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How To Plan For A Brand New Driver On Your Insurance

Having a child can be one of the most exciting moments in a couple’s life together. But having a child that grows up and turns into a teenage is a whole separate level of excitement.

It is also a new level of worry, anxiety and expense that most parents willingly shoulder on behalf of their kids. Parents are shepherding a teen through the process of taking driver’s education, obtaining a learner’s permit, and passing their state’s driving test requirements, and only then qualifying for a driver’s license of their very own, not to mention paying for any fees involved.

The whole process can be a lot for a parent to tackle, but there are a few things to consider.

When Do I Add Them To My Policy?

Laws and guidelines vary from state to state and insurer to insurer, so the best policy here is to ask. In most cases, it is best to alert the insurer as soon as a teenage family member begins learning to drive. This allows your insurance provider to prepare, and you to ask any questions you have about it.

According to Insure, the teen driver can typically be listed at the learner’s permit stage without impact to the overall policy premium, since this type of listing requires that a licensed adult driver over the age of 21 be present to supervise the teenage driver. This allows you to teach your child to drive without changing your policy before they have their license.

Once the teenage learner passes the driving test and is granted a license, it is time to add them to the family car insurance policy as a legitimate driver, and this is when you can expect your rates to change. It may be worth considering talking to your child about the responsibility they now have, and what they can do to save you money.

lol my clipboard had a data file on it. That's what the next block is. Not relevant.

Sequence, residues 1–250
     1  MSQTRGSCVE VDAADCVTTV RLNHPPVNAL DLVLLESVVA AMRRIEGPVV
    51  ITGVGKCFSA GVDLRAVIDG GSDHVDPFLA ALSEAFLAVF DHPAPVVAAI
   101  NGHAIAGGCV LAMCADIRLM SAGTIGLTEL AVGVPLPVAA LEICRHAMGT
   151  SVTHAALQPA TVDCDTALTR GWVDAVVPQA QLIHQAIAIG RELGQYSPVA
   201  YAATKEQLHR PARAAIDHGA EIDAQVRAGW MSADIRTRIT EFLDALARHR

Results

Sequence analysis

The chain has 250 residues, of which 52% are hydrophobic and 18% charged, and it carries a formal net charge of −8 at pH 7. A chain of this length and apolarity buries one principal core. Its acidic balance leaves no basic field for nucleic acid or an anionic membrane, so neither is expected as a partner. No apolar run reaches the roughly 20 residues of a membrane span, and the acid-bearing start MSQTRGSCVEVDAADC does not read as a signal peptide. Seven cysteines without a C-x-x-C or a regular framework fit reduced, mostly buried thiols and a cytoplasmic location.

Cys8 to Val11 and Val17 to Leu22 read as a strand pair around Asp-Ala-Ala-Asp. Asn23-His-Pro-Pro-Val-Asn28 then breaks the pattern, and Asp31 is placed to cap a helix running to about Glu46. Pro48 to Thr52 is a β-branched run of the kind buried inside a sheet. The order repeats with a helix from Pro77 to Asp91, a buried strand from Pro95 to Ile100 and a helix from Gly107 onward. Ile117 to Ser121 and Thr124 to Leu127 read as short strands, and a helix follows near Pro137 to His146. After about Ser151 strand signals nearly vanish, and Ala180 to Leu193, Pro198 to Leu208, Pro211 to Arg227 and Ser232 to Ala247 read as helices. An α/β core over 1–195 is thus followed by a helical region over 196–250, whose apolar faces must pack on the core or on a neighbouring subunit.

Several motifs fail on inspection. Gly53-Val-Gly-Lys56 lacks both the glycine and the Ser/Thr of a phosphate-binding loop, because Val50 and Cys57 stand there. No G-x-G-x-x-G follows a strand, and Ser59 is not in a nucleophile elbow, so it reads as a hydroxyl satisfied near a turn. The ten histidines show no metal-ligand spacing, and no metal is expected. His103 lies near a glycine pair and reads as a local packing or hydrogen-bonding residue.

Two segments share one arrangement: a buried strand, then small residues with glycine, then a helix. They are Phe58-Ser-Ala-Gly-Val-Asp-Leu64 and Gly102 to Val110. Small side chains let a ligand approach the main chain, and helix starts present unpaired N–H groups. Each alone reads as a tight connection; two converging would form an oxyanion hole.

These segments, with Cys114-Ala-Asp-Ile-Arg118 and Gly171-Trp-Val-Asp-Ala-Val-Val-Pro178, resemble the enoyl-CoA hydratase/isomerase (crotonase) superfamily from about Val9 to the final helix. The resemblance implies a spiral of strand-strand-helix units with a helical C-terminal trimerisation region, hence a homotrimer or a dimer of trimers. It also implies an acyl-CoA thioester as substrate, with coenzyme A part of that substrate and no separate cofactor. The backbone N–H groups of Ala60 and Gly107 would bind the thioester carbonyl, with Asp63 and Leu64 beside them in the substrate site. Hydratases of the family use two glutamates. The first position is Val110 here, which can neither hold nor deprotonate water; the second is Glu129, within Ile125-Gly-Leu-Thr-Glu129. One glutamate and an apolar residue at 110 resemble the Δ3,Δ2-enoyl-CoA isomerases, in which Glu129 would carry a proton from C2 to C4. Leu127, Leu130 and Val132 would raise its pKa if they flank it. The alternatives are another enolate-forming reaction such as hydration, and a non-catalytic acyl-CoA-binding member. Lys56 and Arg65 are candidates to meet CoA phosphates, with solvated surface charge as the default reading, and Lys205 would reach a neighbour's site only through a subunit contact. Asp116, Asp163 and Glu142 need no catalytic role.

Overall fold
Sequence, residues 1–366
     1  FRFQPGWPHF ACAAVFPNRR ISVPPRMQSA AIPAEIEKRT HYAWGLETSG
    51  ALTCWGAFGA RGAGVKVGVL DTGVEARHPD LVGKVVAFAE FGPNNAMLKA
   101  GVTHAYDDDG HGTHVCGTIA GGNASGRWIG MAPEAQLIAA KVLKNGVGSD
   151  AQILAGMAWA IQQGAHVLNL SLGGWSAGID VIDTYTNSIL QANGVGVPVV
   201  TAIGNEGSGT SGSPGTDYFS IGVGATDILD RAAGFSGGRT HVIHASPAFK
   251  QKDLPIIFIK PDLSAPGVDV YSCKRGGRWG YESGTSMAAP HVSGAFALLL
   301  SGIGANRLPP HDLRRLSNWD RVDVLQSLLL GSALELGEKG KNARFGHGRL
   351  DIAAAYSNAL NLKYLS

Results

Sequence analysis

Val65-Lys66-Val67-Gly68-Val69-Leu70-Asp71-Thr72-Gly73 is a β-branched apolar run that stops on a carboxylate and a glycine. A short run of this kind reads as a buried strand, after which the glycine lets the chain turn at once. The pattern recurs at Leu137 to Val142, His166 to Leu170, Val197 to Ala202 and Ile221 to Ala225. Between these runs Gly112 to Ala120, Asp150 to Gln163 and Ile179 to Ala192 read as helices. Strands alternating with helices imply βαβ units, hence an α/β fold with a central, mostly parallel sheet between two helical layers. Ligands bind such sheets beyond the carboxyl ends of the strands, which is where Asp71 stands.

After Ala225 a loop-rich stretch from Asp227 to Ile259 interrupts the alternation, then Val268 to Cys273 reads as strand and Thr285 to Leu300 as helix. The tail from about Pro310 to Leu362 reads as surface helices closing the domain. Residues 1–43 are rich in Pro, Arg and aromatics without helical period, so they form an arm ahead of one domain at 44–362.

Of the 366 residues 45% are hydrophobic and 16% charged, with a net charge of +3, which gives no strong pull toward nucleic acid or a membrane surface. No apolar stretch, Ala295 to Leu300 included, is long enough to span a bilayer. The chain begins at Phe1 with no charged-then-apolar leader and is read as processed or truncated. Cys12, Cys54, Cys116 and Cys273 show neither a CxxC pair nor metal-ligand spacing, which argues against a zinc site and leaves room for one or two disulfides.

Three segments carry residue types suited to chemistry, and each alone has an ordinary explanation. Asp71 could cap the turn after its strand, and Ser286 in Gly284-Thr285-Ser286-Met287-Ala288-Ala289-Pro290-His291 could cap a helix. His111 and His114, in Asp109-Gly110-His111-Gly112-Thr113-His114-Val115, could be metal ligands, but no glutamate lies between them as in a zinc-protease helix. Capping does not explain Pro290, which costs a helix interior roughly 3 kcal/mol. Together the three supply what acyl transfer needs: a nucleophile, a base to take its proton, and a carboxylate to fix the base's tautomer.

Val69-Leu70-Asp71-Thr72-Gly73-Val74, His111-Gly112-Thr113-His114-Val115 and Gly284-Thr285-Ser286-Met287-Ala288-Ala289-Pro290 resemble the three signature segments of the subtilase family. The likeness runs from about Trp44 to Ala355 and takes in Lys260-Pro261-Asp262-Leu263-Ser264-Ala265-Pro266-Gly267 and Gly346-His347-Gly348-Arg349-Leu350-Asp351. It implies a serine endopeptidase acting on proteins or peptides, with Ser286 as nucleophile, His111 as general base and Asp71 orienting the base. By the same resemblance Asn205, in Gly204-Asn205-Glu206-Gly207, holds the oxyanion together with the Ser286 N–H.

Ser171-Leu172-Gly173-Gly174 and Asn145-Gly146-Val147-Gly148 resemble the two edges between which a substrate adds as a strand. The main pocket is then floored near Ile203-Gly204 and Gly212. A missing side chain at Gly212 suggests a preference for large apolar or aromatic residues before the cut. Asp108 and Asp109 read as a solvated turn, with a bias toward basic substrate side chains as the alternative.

How Can I Save Money?

The most expensive driver to insure is a teenage boy. The second most expensive is a teenage girl. But there are ways to save money on insuring a teen driver, such as:

Encourage or incentivize your teenage driver to keep their grades up. Teen drivers with a good grade point average are thought to be safer drivers, so often insurers will give them better rates. Not only can this save you money, it can keep your driver doing great in school.

List your teen as a secondary or occasional driver. Drivers that aren’t listed as a primary driver on any family vehicle or only drive a certain limited number of hours per week often quality for lower premiums. Limiting their driving can also help them value the time that they are driving, and make sure they aren’t driving absent-mindedly.

Find out more about your coverage. The more you know about what your insurance does and does not cover, and how, the more money you’re liable to save. For example, if you live in northern Utah and your provider only pays for locally based auto body repair, Park City may be a great place to find services. If they will pay for specific companies no matter where they are located, you just have to find the nearest shop to you. Finding out where to go for repairs will save you from making costly mistakes after a collision.

What Should I Be Paying?

Finally, when it comes to teenage drivers in particular, not all insurers are the same. While states set minimum coverage limits for all drivers, teen or adult, what separates one insurer from another often comes down to the discounts offered.

Some insurers will offer greater incentives to families with teen drivers as an effort to get in the door early and earn that teen’s business later on in life as well. Some auto insurers will also offer more perks and discounts to families who insure all drivers under one policy or bundle together several policy types. Not all insurance companies will list every possible discount you can get, so the only way to know what is available is to ask!

With some careful planning and knowing which questions to ask, it becomes easier to afford to add a new teenage driver to the family’s auto insurance policy. Today, many insurers are keen to compete even for the business of this high risk demographic to keep customers from moving their auto insurance policy over to a competitor.

Tim Esterdahl

Tim Esterdahl is the editor of IFCS blog. He is a married father of three and enjoys golf in his spare time.

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